For The Love Of Lechon
- Catherine Jones () - December 30, 2007 - 12:00am

December spells lechon in Tagalog. I learned this lesson two years ago during my first Christmas in Manila, where I witnessed a whole pig being carried on a bamboo stretcher into a party that became suddenly silent then exploded with oohs and aahs. What was this thing wrapped under foil, tied with a bow, I wondered. And, being the curious person that I am, the simple answer of roasted pig didn’t work for me.

I needed to get to the bottom of this deliciously succulent beast that holds a special place in Filipino hearts.  It is still dark when I arrive at Mila’s Lechon on Calavite Street in La Loma, Quezon City. Mila’s crew of butchers commence their work at two in the morning, slaughtering dozens of pigs which are slowly roasting in front of me, twirling on spits above braziers of red hot embers, grease dripping from their corpses like leaky faucets. Now, before we go any further, I must confess that I am a city girl. I’ve never spent any time around livestock, and I’ve certainly never seriously contemplated the slaughter process—until this very moment. I rarely eat meat, and when I do, it comes neatly packaged on styrofoam trays embalmed in plastic wrap. It took coming to the Philippines, where people still connect with their food, and in many cases live alongside it, for me to fully unravel and comprehend the food chain. I push open the heavy, red barn doors. The stench of dung, urine, boiling blood, and smoke hit me in the gut. I hold my breath for as long as possible, then slowly release. The head butcher, Levi, a toothless, 55- year-old man, walks over. In a brief exchange, Levi gives me permission to walk around and ask questions. Johnny, a young guy wearing a baseball cap, sleeveless shirt, blue basketball shorts, and black boots is leaning against the wall, coaxing the final puffs from his cigarette butt. He’s missing the tip of his left index finger. I try not to think about how that happened.I ask Johnny how many men work here. “Ten,” he says. “We start at one o’clock in the morning and work until four. Then eight to eleven.” “How many pigs do you slaughter and roast per day?” I inquire, yelling over the cacophony of squealing pigs, barking dogs, and crowing roosters.“30 to 40 Monday to Friday, and about 100 on Saturday and Sunday. During Christmas we do 900, maybe 1,000 a day,” Johnny tells me proudly. “What is your least favorite part of this work?” I ask. “The hardest part is the roasting. It’s too hot. Two people roast. The pigs move by electrical belt. Before we did it by hand. But someone still has to work the coals, to move them around so the pigs roast nicely.” “Where are these pigs from?“ “Most of them are from Tuguegarao, but our agents procure pigs from other barrios as well,” Levi answers. “A shipment comes two to three times a week.” “How old are they?” “The small ones are four or five months. The larger ones, seven to eight.” “Who taught you how to do this?” “I learned by watching.”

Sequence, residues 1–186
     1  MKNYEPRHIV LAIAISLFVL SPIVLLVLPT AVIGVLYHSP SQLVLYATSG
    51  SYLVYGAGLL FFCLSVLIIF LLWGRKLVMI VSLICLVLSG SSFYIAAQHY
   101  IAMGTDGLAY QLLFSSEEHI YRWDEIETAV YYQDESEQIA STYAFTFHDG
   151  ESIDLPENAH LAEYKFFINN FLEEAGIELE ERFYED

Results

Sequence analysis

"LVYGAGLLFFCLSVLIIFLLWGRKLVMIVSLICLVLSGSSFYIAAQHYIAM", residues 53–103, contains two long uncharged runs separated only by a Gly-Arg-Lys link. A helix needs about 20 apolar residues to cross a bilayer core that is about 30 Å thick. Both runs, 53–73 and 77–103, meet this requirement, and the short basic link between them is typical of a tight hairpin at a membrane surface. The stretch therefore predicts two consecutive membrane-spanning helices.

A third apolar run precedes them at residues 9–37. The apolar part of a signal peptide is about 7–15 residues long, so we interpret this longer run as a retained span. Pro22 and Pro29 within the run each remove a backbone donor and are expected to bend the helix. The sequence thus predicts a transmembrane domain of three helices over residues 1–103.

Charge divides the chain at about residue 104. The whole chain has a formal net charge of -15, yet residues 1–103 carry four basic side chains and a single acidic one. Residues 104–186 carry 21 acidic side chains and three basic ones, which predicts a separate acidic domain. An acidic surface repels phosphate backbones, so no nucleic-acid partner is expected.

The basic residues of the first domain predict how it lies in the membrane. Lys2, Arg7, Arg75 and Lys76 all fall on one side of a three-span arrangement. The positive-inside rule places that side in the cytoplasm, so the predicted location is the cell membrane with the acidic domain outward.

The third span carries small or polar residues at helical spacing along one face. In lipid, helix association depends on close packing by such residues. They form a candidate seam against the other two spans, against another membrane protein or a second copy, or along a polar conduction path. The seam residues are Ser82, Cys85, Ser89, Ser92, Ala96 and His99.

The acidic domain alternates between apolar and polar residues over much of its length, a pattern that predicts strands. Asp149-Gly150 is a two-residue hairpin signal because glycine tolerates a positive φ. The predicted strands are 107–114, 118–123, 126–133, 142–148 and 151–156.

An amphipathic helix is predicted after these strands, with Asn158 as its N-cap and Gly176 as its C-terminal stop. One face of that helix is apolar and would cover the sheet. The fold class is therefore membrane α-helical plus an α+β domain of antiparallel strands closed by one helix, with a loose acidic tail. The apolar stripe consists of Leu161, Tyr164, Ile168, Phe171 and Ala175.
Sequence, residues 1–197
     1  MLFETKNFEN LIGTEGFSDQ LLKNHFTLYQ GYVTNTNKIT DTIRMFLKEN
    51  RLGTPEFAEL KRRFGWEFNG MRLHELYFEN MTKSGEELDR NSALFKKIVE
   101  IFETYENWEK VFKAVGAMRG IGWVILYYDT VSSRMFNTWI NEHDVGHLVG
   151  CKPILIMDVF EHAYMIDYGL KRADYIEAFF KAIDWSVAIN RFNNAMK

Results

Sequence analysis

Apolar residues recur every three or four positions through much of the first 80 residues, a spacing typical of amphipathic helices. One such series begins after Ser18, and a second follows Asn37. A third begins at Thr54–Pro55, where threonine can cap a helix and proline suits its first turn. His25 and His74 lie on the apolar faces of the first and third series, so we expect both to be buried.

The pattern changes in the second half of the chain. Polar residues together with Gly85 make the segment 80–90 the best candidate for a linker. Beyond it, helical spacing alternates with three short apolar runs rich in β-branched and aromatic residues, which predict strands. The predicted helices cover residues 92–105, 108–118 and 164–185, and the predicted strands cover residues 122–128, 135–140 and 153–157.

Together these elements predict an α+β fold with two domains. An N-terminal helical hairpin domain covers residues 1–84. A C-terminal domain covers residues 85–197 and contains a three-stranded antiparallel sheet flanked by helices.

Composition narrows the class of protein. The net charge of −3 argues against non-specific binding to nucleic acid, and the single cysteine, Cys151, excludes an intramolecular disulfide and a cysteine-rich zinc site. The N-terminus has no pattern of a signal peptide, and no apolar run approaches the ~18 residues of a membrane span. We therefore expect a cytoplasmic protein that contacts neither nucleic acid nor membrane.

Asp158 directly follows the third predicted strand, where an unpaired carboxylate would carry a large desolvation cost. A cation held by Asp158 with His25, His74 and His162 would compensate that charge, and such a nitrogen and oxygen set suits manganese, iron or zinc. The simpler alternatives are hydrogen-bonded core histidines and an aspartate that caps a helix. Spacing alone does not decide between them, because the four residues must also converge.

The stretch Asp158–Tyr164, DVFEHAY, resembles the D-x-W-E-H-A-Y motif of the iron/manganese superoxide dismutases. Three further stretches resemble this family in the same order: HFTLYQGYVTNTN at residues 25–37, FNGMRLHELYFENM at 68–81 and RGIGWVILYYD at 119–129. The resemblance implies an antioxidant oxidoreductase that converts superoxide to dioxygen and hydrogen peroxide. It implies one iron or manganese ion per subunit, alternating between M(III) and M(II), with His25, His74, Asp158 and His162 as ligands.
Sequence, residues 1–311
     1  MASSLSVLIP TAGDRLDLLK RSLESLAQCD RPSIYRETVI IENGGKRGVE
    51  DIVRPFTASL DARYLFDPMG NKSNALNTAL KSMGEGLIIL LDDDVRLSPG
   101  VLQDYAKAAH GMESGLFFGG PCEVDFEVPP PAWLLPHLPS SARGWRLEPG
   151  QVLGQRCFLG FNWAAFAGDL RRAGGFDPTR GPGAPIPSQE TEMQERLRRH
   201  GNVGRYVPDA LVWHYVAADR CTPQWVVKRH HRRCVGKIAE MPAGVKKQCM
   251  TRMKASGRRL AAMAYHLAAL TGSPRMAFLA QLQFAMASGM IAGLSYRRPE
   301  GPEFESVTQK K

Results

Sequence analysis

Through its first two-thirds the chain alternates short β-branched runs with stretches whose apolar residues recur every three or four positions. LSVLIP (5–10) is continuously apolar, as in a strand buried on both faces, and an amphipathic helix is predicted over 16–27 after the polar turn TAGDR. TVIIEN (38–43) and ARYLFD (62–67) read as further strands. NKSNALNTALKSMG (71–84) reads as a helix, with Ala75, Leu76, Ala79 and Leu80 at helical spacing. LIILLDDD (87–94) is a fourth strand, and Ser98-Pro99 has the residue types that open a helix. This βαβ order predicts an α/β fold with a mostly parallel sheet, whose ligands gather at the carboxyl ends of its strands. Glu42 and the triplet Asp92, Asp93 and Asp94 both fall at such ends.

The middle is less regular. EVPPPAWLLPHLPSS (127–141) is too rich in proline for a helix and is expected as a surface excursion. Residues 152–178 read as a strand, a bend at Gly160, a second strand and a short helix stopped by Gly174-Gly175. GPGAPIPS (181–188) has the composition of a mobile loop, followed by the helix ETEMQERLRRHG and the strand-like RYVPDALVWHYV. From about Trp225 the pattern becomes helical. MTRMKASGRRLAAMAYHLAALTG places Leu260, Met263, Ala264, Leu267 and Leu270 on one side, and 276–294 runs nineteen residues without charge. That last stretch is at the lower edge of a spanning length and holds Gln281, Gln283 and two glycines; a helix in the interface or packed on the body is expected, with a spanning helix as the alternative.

“You ready?” Levi asks me, holding a knife in his hand.I nod. What am I doing here, I ask myself. Levi trails the piglets until he grabs a black native one by the hind leg. The piglet flips on to his back and shrieks loudly. Levi holds the pig’s leg in the air, then places his booted foot on the pig’s belly to immobilize him. In one clean jab, Levi adroitly inserts his knife into the jugular vein of the pig’s upper brisket. When he dislodges it, a fountain of blood squirts up about six inches into the air. Struggling, the piglet lurches a few feet, then keels over and...well... dies. The butchers all watch me. I remain stone-faced, though the brutality deeply disturbs me. The pig’s lifeless body is tossed from the floor to the tiled counter. Another butcher pumps blood from the pig’s chest, catching it in a small white plastic container for dinuguan, or blood stew. Shaving follows. The now-hairless pig is flung onto the stainless steel table where another butcher armed with a sharp knife slits his belly. Working like a surgeon, the butcher reaches in, bare-handed, and emerges with a wad of glistening innards. The butcher slides the gutted pig down the table where it is mounted onto a seven-foot metal pole. The pig is rinsed again and again before it joins others lining the wall. All are rubbed with rock salt and doused in soy sauce before roasting. I admit, I’m feeling a bit woozy and it’s only 4 a.m.